A Former Texans Coach Rips JJ Watt as 'Selfish, Only Cared About His Stats'

When you're the Houston Texans, you're coming off a 4-12 season in which you had (according to Pro Football Focus' grades) the second-to-worst defense, the worst run defense and were 25th overall in pass rush, you might assume that losing the best defender in the 20 year history of the franchise would be a bad thing. But according to a Bills beat reporter, there's at least one former coach who worked with JJ Watt in Houston who thinks his former team will be better for it. Addition by subtraction, if you will. 

Selfish? Cared only about his stats? Hurts the defense? Hurt us more than he helped us? I wouldn't want him?

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Those are some harsh words for anybody, much less a three time Defensive POTY who always seemed pretty popular in his own locker room and respected around the league. And bold. So bold you don't put your name to them for fear of backlash or Watt putting your quarterback on his Kill Bill-like hit list. 

So I understand why whoever said it would keep it anonymous. And I wouldn't dare speculate who would use the word "selfish" to describe a guy who raised $33 million for flood relief. It would be irresponsible to say, look at the Bills current coaching staff, assume one of them would talk to a local reporter and point out that Buffalo's defensive backs coach was with the Texans from 2014-17. It could just be a coincidence. So forget I mentioned it. 

One thing I think all reasonable people can agree on is that JJ Watt has an oversized ego. Nobody in the NFL has spent more time playing it up for the cameras than him. The cutaway shot from the end of a big Houston play to a helmetless Watt demonstratively cheering while the broadcast team gushes, "You think JJ Watt isn't excited?!?" is the first thing they teach you in TV Director School. 

But "hurting the team" in the selfish pursuit of his own stats is a bold claim, indeed. One that we shouldn't dismiss out of hand, by the way. For the last 6 1/4 seasons (since 2014, that is), the head coach was Bill O'Brien and the defensive coordinator was Romeo Crennel. They were raised in New England's Do Your Job culture. Defensive players who produce big numbers but freelance don't last long in Foxboro. I offer you no better example than Watt's new matching bookmark, Chandler Jones. I've always been convinced that the reason Jones was traded was that Bill Belichick didn't feel he could be trusted to be where he was supposed to be when he was expected to be there. And that, despite all his obvious talent, he wasn't a system fit the way, say, Kyle Van Noy was. Because all 11 defenders are expected to fit together like a Spartan phalanx, and if one guy is out of position, the whole thing collapses. Which is why Jones has been so much more productive in Arizona where he can just pin his ears back and win battles in the blocking scheme and not sweat what the other 10 guys are doing. It's not a matter of which is more effective, it's a matter of what the system is.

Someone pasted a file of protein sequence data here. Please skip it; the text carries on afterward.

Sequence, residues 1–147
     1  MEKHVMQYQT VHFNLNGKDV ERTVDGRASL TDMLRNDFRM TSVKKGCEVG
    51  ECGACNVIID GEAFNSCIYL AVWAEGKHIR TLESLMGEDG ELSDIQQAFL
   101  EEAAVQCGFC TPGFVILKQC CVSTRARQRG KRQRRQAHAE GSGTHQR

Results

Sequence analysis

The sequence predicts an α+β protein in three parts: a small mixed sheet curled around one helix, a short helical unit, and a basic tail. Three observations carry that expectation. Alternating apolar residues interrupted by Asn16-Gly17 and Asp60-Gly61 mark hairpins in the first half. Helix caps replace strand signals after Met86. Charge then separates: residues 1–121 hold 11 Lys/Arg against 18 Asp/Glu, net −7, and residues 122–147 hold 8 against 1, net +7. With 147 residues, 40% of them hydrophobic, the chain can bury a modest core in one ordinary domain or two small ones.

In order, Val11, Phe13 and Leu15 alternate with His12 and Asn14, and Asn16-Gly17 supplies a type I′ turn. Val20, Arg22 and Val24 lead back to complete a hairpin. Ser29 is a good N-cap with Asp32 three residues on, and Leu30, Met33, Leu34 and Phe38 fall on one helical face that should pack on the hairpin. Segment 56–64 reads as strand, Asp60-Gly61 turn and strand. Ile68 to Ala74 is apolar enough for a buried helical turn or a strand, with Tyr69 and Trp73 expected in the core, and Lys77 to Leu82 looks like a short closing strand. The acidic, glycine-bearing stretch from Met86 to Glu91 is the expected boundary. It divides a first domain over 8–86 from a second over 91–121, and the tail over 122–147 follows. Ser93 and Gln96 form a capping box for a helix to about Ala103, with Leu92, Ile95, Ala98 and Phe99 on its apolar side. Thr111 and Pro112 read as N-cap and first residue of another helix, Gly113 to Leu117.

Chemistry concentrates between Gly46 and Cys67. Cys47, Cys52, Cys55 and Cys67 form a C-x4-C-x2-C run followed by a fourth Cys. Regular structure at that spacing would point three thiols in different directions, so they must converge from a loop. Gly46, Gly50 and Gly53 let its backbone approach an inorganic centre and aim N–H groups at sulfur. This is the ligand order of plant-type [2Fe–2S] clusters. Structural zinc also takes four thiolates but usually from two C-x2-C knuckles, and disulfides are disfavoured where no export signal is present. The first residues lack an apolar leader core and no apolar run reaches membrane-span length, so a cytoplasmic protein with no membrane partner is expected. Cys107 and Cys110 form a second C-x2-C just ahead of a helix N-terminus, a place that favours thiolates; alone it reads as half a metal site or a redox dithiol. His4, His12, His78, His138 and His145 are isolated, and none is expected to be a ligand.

So part of what this report - assuming it's accurate and not just one anonymous coach's opinion - demonstrates is how dysfunctional the Texans have been for a long time. When you've got coaches who think their best defender is doing more harm than good and they keep him around anyway, that's a systemic failure on a massive scale. Add to that the DeAndre Hopkins trade and now in all likelihood losing Deshaun Watson and it's obvious Jack Easterby sits on the throne of the most inept organization this side of the Jets. Good luck being better without Watt, Nick Caserio.